TWEED YOUTH ALCOHOL AND OTHER DRUG SERVICES
Mr GEOFF PROVEST
(Tweed) [6.16 p.m.]: Once again I inform the House of issues in the Tweed. Last Thursday I launched "Building New Ways—A needs analysis for youth alcohol and other drug services in the Tweed shire". The Tweed Shire Council, at the request of the Tweed Youth Alcohol and Other Drugs Working Party, commissioned a needs analysis to examine the service needs of young people under the age of 18 with respect to alcohol and other drug use. It identified a number of issues and revealed some alarming statistics. Of those surveyed, 64.8 per cent of females have used alcohol compared to 56.6 per cent of males and 20.1 per cent females, compared with 17.9 per cent of males, have used illicit drugs. Even more disturbing, 43.2 per cent of females who had used alcohol reported their first use between 13 and 14 years of age, and 31.6 per cent of males reported their first use between 15 and 16 years of age. Further, 10 per cent of the males who had ever used alcohol reported their first use at 10 years of age.
The alarming statistics on illicit drug use show that 44.3 per cent of females and 26.7 per cent of males who had ever used drugs reported their first use between the ages of 15 and 16. Further, 95.6 per cent of participants who do not attend school regularly were reported to have used alcohol and 76.5 per cent have used illicit drugs. That disturbing statistic means that people not attending school are involved in those activities. Limited access to public transport adds to the need for youth services and spaces to be made available in all communities. The working party made six recommendations. This report was seen as a platform: for further research into local youth alcohol and other drug use, the associated harms and the available services and programs; to initiate and provide leadership in the process to develop an appropriately staffed youth alcohol and other drugs facility with outreach services; and to provide advocacy on a range of issues that have the potential to affect youth alcohol and other drug use and associated harms.
The report clearly shows that a multiple of factors contribute to the misuse of alcohol and other drugs by young people and therefore there is no quick fix or one answer. We need a range of short-term and long-term options that range from education, to early intervention and to treatment. Therefore, the responsibility does not sit in one department or organisation. We require all departments, local, State and Federal governments, as well as communities to work together to find local solutions for local issues. We hope to set the scene for positive action that is inclusive and supportive of young people in the shire as well as driven by a collaborative whole-of-community approach, of which I am a part. Recently I held another forum to handle this issue. We need support to implement the recommendations and commitment for the long haul. This will mean putting aside differences and personal agendas, and working together for the sake of our young people who are the future.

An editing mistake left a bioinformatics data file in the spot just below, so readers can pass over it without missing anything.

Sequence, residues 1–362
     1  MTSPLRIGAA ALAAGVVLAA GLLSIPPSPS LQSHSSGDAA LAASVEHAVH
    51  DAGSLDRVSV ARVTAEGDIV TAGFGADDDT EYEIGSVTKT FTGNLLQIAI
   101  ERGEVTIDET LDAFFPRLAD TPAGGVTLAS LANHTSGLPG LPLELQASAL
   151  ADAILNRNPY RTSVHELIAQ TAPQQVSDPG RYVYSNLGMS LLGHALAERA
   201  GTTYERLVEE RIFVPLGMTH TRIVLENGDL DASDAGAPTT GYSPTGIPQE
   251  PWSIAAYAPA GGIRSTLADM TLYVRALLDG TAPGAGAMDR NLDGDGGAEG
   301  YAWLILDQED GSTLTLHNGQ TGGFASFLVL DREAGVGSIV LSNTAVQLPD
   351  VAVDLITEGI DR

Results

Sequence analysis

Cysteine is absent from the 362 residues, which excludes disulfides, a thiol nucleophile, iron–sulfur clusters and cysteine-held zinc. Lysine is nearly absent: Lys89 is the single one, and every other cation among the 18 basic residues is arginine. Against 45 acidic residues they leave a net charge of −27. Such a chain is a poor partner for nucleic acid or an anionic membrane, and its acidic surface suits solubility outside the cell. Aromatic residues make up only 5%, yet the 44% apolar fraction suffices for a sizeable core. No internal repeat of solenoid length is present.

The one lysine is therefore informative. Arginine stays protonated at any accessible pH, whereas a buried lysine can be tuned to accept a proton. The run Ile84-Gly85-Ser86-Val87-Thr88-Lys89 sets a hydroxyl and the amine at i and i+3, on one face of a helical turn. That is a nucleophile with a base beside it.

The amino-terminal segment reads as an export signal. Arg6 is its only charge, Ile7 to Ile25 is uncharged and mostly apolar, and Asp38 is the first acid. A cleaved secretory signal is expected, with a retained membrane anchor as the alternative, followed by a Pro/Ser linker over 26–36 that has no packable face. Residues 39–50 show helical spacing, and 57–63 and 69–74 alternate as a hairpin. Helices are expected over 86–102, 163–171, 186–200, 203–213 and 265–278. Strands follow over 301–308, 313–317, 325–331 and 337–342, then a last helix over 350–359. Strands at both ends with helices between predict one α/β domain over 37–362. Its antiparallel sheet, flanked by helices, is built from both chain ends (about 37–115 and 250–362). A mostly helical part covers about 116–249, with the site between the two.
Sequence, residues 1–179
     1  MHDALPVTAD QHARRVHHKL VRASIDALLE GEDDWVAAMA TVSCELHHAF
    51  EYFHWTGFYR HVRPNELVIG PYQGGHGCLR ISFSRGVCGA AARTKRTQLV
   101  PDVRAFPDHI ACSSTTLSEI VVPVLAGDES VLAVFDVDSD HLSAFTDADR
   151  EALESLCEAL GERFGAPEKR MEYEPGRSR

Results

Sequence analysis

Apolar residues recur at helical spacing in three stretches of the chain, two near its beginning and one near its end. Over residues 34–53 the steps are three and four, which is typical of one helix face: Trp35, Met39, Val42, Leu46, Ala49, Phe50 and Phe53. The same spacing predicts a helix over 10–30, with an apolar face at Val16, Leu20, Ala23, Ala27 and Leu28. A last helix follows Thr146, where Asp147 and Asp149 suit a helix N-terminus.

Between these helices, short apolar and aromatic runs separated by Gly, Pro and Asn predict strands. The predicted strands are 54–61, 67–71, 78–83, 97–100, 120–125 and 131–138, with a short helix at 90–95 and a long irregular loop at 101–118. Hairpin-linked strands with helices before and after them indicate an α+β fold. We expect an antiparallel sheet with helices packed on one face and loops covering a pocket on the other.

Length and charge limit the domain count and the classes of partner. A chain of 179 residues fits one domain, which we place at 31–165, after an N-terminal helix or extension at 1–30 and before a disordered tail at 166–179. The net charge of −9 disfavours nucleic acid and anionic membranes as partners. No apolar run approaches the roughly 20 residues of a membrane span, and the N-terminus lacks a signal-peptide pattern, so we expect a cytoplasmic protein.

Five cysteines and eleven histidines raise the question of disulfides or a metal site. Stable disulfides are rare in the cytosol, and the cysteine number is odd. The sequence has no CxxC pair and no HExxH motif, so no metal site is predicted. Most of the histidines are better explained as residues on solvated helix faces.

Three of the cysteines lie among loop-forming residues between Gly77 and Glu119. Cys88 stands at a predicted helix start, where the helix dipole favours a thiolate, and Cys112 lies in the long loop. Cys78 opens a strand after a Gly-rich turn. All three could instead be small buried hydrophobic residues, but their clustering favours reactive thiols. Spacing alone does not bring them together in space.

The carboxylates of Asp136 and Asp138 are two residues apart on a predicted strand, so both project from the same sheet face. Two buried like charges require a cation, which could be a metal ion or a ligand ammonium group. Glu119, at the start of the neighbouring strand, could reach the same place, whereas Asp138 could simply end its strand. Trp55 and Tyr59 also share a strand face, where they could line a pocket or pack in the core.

The community has an integral role to play. They are not faceless, nameless young people; they are young people who live in our shire, attend our schools and live next door. Evidence shows that young people who do not feel valued or supported by the community in which they live are more vulnerable and more at risk of using alcohol or other drugs. Support can be through services and facilities not just focusing on the negative but seeing and celebrating the many good things that young people do. More than 30 groups will attend the meeting next week to move this report forward to begin addressing these important issues. I thank Margaret Strong, Tweed Shire Council, Krystian Gruft, Andrew Hamilton, Gerina Appo from St Josephs Youth Service and Julie Watson from the Attorney General's Department. A piece of graffiti encapsulates the experience of adolescence and high school for one young person in the Tweed shire, and provides food for thought in the process of contemplating the need for improved youth alcohol and drug services. It states:
Best friends become bitches. Boyfriends become pricks. Red Bull becomes rum. Lunch orders become drugs. Lollie pops become cigarettes.
We need to invest in the future of our young people in our shire. I met with Father Chris Riley from Youth Off the Streets in Sydney. I will bring further reports to this House. Once again, I am 100 per cent for the Tweed.